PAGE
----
what, and how, do whales see?

Using images from Bryant Austin’s gorgeous book Beautiful Whale, Alexis Madrigal explores the topic in an Atlantic article:

“as Austin puts it, the whale challenges him “to reevaluate our perceptions of intelligent, conscious life on this planet.” This mammal’s eye — lens, cornea, pupil, retina, photoreceptors and ganglion nerve cells — is a direct passageway into its brain. And when we look at it, Austin can’t help but see an intelligence there, a connection to a brain that, perhaps, works enough like ours for us to understand each other.”

and

“Whales, unlike nocturnal rodents or ourselves, see the world in monochrome. Leo Peichl at the Max Planck Institute for Brain Research co-authored a paper with the nearly tragic title, “For whales and seals the ocean is not blue.” Indeed, the first thing that we can know for sure about how whales see the world is that it exists only in shades of gray. The water we see as blue they would see as black. “They do want to see the background. They want to see animals on the background. And the animals on the background are reflecting light that’s not blue,” Johnsen explained. If we try to imagine what that might look like, Johnsen said perhaps we could picture a grayscale photograph of people wearing fluorescent clothes under a black light.”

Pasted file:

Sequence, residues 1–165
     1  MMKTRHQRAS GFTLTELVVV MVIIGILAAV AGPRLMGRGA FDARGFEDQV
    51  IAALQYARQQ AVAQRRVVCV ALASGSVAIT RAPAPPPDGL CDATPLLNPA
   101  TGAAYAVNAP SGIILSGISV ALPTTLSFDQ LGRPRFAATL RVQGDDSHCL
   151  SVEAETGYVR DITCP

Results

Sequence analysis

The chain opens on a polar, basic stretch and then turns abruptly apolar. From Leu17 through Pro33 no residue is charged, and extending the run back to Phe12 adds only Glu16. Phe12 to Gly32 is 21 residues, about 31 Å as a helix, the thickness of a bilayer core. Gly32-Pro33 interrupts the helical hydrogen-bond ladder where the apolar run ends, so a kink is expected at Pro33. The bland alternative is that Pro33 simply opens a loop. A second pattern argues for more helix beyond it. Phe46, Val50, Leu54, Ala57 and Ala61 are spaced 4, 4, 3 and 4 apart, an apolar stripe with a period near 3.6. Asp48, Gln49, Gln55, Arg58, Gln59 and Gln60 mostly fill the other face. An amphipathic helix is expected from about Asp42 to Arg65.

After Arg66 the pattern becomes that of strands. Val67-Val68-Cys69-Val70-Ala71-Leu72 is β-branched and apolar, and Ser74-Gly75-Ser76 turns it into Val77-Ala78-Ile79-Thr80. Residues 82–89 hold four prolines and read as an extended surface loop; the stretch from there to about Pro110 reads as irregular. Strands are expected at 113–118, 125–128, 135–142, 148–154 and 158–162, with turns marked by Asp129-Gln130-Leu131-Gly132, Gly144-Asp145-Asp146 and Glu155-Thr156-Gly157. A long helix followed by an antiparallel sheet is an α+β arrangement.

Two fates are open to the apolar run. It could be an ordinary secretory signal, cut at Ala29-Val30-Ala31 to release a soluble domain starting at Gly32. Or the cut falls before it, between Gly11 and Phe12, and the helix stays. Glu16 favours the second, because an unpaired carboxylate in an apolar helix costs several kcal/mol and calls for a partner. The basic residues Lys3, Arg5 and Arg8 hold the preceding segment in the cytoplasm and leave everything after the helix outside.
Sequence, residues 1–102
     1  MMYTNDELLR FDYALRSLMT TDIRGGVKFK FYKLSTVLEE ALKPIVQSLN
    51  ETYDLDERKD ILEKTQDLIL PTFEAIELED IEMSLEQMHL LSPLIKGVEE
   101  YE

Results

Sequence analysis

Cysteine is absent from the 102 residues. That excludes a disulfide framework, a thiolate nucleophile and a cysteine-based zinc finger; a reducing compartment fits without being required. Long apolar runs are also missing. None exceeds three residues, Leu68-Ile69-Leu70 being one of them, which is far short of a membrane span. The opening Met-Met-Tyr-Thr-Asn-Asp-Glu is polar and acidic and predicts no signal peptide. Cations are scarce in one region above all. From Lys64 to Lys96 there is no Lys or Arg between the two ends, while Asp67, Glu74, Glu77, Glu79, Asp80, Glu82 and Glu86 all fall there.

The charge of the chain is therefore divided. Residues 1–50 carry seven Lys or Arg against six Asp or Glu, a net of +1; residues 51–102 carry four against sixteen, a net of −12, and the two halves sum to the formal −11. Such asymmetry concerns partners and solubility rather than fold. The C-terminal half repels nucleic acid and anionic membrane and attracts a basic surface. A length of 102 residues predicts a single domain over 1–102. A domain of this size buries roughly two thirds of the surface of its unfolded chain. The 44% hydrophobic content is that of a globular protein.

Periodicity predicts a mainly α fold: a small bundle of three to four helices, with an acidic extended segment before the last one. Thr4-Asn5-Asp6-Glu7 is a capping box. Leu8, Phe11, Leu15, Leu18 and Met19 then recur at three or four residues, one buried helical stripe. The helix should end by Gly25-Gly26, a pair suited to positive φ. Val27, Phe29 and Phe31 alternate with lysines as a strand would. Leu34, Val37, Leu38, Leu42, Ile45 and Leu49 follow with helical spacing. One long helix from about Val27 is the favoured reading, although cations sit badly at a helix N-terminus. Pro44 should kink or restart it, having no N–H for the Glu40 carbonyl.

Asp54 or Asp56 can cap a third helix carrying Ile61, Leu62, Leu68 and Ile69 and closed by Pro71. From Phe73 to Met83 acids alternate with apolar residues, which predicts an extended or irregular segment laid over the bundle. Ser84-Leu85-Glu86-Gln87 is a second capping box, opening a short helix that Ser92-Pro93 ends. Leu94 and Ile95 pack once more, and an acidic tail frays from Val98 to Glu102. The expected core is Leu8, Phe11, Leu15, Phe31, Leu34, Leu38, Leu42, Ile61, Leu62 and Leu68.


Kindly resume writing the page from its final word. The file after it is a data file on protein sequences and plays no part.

It’s a fascinating read.

 

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